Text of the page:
We begin with Charles standing in a field, sincerely thanking the Lord for his wheat crop. Inside, he starts listing what all they can buy with the money when he sells the harvest. This is called counting your chickens before they hatch and that shit makes the Lord very angry. That night, a hailstorm from hell is unleashed upon Walnut Grove. Charles runs outside, but unless he's got a 100 acre tarp, he shoulda just stayed in bed.
The wheat's been flattened, so now the Ingalls family has no food and no money. Charles takes off on foot toward Sleepy Eye and Mankato to look for work. Jack Peters, an Irish guy, catches up to Charles a short time later, and they walk together. That night, they make a fire and cook stew. Another guy approaches the flames. His name is Jacob. He hangs out with them, and it turns out that he's a bootmaker in his spare time. Pa's boots are in shit-shape, and Jacob throws them into the woods. Pa can't afford a new pair, but this is one time that "cash on the barrel" doesn't apply.
The men find jobs in a mining quarry. Jack works as a "powder monkey", putting lit dynamite into holes in the rock, then running like hell. Charles and Jacob team up for a (slightly) less dangerous job. One guy holds a tall steel spike, while the other guy pounds it with a sledgehammer. Mind your limbs, eh?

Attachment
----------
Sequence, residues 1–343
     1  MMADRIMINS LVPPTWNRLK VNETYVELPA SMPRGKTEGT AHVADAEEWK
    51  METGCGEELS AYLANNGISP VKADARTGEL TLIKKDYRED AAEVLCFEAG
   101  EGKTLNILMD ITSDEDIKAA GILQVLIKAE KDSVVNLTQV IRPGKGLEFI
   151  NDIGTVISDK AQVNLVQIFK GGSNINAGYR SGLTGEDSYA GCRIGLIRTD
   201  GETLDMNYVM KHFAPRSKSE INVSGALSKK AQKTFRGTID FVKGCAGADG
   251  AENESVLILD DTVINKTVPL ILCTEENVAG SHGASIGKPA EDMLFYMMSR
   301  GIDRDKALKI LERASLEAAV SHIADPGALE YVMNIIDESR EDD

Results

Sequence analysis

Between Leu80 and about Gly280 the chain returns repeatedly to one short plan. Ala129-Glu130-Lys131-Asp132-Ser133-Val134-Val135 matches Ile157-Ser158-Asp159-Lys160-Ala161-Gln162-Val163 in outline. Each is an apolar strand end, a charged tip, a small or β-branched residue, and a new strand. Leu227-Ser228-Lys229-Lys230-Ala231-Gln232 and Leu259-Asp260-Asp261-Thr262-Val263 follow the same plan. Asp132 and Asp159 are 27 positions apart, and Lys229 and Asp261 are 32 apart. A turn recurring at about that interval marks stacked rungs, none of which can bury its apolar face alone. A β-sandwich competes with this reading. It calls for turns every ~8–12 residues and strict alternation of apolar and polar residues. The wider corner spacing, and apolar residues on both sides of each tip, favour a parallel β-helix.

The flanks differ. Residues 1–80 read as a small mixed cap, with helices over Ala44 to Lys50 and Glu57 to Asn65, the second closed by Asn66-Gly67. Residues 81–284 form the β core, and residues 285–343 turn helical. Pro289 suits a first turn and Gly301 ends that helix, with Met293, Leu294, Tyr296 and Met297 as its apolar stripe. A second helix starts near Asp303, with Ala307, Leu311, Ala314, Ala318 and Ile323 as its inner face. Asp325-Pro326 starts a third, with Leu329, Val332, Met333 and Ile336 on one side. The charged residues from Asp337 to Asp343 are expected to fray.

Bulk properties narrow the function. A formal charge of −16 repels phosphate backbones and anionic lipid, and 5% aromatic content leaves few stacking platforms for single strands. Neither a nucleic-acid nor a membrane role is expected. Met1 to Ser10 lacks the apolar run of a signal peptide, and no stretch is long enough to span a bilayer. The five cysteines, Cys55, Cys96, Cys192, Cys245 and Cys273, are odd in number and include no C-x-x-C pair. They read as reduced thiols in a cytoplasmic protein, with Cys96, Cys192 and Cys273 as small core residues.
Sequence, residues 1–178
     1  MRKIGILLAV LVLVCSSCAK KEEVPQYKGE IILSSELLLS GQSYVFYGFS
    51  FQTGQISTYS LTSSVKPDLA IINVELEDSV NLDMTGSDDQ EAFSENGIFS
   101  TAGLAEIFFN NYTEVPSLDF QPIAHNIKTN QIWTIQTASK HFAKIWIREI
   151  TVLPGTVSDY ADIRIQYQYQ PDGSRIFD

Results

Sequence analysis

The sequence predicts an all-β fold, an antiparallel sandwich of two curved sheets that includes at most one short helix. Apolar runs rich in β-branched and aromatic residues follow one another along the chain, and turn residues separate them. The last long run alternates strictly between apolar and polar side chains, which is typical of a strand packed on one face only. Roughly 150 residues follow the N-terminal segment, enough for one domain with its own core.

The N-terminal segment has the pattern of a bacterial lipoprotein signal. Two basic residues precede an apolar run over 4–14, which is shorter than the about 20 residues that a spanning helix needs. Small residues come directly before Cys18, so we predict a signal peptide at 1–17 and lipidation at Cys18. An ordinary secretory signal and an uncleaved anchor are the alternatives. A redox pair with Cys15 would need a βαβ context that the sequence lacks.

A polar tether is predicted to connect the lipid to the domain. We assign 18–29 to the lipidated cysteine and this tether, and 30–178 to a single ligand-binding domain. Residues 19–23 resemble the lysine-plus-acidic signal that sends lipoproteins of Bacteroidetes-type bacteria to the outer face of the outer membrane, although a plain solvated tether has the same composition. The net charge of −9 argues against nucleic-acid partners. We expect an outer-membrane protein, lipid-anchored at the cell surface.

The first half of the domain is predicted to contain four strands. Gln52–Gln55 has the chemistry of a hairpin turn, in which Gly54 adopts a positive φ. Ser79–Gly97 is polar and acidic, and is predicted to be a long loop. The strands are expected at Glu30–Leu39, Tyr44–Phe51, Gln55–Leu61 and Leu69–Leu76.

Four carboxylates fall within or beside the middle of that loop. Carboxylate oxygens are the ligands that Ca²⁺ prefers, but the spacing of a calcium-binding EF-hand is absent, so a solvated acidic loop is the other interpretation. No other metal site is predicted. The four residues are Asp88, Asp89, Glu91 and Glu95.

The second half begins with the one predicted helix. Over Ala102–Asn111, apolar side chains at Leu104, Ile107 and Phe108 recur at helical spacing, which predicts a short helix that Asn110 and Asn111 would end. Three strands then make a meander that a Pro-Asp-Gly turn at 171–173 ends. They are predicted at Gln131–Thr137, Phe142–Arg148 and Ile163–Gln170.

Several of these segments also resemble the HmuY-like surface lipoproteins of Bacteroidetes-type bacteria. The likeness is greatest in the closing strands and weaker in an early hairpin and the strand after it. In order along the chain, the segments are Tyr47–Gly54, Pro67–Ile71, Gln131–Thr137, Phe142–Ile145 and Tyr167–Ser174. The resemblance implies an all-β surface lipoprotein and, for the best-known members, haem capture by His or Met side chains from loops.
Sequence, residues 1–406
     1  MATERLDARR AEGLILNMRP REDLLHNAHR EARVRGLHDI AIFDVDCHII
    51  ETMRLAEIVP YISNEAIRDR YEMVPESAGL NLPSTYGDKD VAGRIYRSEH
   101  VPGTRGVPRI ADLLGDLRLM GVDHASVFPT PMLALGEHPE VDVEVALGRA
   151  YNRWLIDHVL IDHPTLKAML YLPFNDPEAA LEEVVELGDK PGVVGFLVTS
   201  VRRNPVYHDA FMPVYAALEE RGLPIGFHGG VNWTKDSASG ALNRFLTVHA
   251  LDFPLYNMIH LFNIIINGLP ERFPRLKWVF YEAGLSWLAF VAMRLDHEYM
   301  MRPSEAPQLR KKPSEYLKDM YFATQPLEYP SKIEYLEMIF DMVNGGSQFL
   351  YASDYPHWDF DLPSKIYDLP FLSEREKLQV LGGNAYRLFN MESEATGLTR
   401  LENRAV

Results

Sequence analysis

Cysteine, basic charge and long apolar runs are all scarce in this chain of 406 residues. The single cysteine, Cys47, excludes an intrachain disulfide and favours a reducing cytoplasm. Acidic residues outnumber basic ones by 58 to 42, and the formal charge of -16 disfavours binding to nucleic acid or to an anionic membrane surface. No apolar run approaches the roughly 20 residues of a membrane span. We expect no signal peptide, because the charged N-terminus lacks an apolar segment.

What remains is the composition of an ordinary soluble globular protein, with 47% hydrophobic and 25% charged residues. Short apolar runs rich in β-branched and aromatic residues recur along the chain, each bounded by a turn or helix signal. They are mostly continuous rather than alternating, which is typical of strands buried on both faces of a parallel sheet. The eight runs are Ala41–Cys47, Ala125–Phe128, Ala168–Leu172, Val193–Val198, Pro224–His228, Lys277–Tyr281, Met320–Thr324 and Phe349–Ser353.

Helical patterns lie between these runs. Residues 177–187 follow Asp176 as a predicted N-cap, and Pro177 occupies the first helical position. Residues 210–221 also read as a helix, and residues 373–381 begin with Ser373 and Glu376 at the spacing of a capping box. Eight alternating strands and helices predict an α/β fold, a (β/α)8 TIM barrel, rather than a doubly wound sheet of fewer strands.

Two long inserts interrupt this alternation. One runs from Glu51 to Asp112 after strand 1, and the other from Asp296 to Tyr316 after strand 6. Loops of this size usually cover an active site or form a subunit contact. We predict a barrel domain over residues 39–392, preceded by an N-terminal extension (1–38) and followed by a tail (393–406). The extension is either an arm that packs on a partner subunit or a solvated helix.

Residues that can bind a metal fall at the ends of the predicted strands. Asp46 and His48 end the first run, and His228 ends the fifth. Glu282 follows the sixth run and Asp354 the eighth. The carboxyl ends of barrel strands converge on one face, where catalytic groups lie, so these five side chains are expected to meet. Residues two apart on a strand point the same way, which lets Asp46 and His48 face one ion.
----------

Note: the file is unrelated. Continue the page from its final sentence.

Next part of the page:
Back at the little house, Caroline has invited all the womenfolk of Hero Township over to hear her newest plan yet. They can manually take the wheat out of whatever it is the wheat grows in and dry it in sheaves. I hope there's a montage or something of them "bringing in the sheaves". That's my favourite Little House hymn. There's a bunch of whiny divas who don't wanna do it, but seriously, bitches, what else were you gonna do all day?
Ah, yes. I called it. Now it's time for a hard-work montage of the men in the quarry and the women in the field. Pa and Jacob win a $50 prize in a drilling contest. Jack, a veteran of quarry work, taunts them from a rocky hill, saying that even with their win, they're not experienced enough to carry his jock, or some 1870s version of that. Suddenly, the rock and Jack explode into bits.
Conveniently, the job is over and Charles can go home. The quarry-owner gives him Jack's paycheque to drop off with his family. Jack has a young son who is devastated by the news. Pa makes some promises he's not gonna keep, and says he'll come visit sometime. Poor kid is so depressed, he can't even sense that Pa is just making shit up and has no intention of ever coming back.
Pa makes it back to the little house, and everyone is happy.